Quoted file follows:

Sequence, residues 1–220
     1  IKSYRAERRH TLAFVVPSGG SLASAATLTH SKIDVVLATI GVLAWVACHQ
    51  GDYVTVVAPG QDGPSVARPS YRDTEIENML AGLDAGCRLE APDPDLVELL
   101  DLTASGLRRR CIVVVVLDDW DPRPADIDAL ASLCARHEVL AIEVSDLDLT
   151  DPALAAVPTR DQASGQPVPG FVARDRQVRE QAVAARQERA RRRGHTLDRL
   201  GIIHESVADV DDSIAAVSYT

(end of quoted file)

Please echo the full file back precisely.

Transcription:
Sequence, residues 1–220
     1  IKSYRAERRH TLAFVVPSGG SLASAATLTH SKIDVVLATI GVLAWVACHQ
    51  GDYVTVVAPG QDGPSVARPS YRDTEIENML AGLDAGCRLE APDPDLVELL
   101  DLTASGLRRR CIVVVVLDDW DPRPADIDAL ASLCARHEVL AIEVSDLDLT
   151  DPALAAVPTR DQASGQPVPG FVARDRQVRE QAVAARQERA RRRGHTLDRL
   201  GIIHESVADV DDSIAAVSYT